Academic journal article Americana : The Journal of American Popular Culture, 1900 to Present; Hollywood

Making Shopping Safe for the Rest of Us: Sophie Kinsella's Shopaholic Series and Its Readers

Academic journal article Americana : The Journal of American Popular Culture, 1900 to Present; Hollywood

Making Shopping Safe for the Rest of Us: Sophie Kinsella's Shopaholic Series and Its Readers

Article excerpt

There is a kind of cultural production within consumption.

-Willis, Common Culture

No one knows how many Americans suffer from compulsive buying tendency.

-Schor, The Overspent American

Certain popular culture forms more than others lend themselves to readings in which opposition features as prominently as do more hegemonic imperatives. Listening to grunge or rap music, marking the body with tattoos or piercings, dressing in accordance with distinct subcultural rules: each of these practices suggests resistance to, as well as compliance with, the dictates of contemporary popular and consumer culture. Shopping, not shopping for these items but simply shopping, is rarely thought of in and of itself as a particularly oppositional practice. Exceptions to the rule include thrift store or tag sale shopping, or perhaps even ebay shopping, but we generally think of a trip to the mall as programmed rather than negotiated practice (for exceptions see Fiske and Bowlby). In fact, much contemporary research on shopping identifies American shopping practice as "upscale emulation" (Schor 8), in which people shop far beyond their means in order to identify with the most wealthy. It is difficult to visualize resistance when throwing over the shoulder a $500 Kate Spade handbag. This article, however, attempts to complicate the popular representation of shopping, to explore it as cultural mandate and cultural resistance through a reading of the enormously popular Shopaholic book series and the ways in which the series' female fans explore their relationships to the book and to their own practices of shopping.

British author Sophie Kinsella first introduced protagonist Becky Bloomwood, an "irresistible one-woman shopping phenomenon" (Shopaholic & Sister coverleaf), to readers in the United States with Confessions of a Shopaholic, a 2001 novel that had been released in Britain the previous year as The Secret Dreamworld of a Shopaholic. Three subsequent installments have followed: Shopaholic Takes Manhattan in 2002 (published as Shopaholic Abroad in Britain in 2001), Shopaholic Ties the Knot in 2003, and Shopaholic & Sister in 2004. Becky lives up to the shopaholic moniker, humorously displaying her addictive behaviors in every possible retail venue from London to New York and then globally after she marries and then honeymoons with boyfriend Luke Brandon. From book to book, Becky's whirlwind existence includes career deliberations and changes, the angst of romance, and the trials and tribulations of relationships with family and friends, but above all, her life centers around shopping. "These are my people; this is where I'm meant to be" (Kinsella 215), Becky declares in Shopaholic Takes Manhattan, not about Luke or her family of origin but about the upscale shops she encounters on her first trip to New York City. Becky fervently and repeatedly displays the behaviors that seem most likely to lead more and more Americans along the road to bankruptcy, and on this level the books seem to do little more than provide readers with roadmaps for economic servitude to credit card companies. A more nuanced reading of the chick lit genre of which the Shopaholic books are a part, however, alongside reader responses to the books, complicates contemporary women's consumerism in important ways.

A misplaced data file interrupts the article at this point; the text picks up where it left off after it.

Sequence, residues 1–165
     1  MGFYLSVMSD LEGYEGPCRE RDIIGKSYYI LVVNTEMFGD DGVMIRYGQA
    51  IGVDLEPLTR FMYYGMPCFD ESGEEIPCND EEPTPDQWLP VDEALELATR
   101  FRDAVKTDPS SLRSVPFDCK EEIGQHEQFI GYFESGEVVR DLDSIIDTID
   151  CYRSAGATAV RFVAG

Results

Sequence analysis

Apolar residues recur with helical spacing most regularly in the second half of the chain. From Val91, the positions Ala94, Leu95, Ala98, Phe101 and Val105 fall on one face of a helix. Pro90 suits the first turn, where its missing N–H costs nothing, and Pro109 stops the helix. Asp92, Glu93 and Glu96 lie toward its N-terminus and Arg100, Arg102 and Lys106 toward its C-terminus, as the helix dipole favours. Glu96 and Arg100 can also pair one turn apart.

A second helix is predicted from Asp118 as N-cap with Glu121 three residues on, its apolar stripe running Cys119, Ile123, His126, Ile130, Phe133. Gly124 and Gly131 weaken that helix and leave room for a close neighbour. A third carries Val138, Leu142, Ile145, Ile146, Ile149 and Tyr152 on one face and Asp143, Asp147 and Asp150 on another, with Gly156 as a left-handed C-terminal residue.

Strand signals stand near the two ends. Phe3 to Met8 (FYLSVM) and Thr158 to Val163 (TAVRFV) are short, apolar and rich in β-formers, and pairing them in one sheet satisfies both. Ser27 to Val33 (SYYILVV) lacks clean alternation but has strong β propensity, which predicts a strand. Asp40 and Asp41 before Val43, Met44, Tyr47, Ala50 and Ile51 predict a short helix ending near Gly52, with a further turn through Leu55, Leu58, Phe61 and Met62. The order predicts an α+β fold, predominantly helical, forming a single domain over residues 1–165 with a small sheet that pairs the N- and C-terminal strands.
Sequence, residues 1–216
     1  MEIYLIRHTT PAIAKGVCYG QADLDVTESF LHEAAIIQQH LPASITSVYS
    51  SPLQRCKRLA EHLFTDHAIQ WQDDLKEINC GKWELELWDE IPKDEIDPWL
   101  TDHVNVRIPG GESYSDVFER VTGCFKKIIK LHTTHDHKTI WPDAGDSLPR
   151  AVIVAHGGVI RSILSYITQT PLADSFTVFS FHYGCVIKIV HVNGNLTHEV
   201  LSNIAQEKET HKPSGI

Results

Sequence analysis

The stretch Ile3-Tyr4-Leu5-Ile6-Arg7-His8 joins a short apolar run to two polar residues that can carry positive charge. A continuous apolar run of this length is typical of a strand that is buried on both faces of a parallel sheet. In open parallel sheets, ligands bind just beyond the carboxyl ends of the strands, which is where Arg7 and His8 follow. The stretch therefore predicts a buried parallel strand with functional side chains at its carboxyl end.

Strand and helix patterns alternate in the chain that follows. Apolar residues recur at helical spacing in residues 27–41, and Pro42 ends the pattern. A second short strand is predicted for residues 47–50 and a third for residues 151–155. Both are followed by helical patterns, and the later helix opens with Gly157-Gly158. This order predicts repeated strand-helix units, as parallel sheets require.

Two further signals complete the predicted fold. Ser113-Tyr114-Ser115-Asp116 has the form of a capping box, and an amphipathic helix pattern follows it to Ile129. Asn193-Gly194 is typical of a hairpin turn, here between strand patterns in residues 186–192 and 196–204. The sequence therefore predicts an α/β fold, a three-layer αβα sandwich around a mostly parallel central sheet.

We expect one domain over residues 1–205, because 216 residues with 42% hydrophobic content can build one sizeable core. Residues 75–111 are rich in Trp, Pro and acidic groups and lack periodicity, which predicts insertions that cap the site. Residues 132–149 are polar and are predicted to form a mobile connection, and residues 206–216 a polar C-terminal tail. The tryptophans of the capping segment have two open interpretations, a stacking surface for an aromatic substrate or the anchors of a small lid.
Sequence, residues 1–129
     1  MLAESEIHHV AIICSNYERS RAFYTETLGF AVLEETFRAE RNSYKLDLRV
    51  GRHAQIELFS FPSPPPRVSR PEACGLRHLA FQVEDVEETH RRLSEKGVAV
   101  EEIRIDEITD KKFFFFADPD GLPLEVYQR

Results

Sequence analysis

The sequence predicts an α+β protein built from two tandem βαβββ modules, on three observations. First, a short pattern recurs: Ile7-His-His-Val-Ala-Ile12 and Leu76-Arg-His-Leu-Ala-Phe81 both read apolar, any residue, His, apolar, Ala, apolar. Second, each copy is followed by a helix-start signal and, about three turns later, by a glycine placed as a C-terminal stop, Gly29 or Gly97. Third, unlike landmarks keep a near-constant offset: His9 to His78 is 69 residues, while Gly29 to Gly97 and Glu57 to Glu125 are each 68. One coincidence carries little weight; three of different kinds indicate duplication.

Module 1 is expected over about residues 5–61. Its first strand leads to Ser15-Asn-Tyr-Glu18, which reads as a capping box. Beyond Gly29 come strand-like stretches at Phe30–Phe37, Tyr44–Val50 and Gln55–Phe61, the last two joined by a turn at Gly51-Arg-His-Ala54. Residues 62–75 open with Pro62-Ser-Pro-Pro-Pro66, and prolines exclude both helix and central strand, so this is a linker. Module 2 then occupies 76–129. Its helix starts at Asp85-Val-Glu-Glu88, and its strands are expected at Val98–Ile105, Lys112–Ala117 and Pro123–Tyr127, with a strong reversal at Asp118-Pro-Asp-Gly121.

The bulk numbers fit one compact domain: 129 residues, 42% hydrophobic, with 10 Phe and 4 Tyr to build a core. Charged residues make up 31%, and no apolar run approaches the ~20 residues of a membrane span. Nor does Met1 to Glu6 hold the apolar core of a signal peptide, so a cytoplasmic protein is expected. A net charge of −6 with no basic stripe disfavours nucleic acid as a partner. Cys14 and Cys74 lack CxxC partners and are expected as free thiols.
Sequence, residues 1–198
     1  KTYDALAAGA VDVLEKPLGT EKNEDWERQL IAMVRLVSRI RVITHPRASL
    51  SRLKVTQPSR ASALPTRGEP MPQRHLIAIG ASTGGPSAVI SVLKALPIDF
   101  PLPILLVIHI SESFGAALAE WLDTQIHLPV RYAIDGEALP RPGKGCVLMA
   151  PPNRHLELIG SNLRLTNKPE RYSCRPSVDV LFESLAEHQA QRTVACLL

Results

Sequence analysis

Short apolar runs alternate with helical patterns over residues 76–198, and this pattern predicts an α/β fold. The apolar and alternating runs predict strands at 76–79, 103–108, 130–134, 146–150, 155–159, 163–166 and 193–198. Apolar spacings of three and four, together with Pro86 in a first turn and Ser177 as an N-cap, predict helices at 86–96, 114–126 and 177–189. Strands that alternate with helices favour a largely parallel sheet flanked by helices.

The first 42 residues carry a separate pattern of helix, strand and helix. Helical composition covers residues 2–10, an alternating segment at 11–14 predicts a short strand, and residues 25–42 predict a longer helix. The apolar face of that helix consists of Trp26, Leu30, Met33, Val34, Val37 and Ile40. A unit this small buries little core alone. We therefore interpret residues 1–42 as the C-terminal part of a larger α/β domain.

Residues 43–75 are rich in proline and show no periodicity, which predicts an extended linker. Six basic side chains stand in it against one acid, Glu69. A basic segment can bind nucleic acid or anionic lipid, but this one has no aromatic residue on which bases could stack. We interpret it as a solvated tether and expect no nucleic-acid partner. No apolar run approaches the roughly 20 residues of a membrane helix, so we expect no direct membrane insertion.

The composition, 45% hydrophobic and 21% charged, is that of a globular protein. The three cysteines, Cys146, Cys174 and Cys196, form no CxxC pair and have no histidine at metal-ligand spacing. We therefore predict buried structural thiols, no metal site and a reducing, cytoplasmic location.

What follows in this article is, first, a discussion of the Shopaholic series in the context of chick lit, a contemporary fiction phenomenon of which the Shopaholic books are a unique representation, and second, an exploration of reader responses to the Shopaholic books and their emphasis on shopping as pleasurable activity for women. Arguably, the books and their readers reveal that reading about shopping, as well as engaging in it, provides contemporary young women with a space within consumer culture in which to explore and respond to contemporary cultural mandates about the self. In this reading, representations of shopping provide something of an oppositional practice, oppositional to some of the mandates of contemporary heterosexual culture, namely that the body defines the female and that having a man in one's life defines a woman. …

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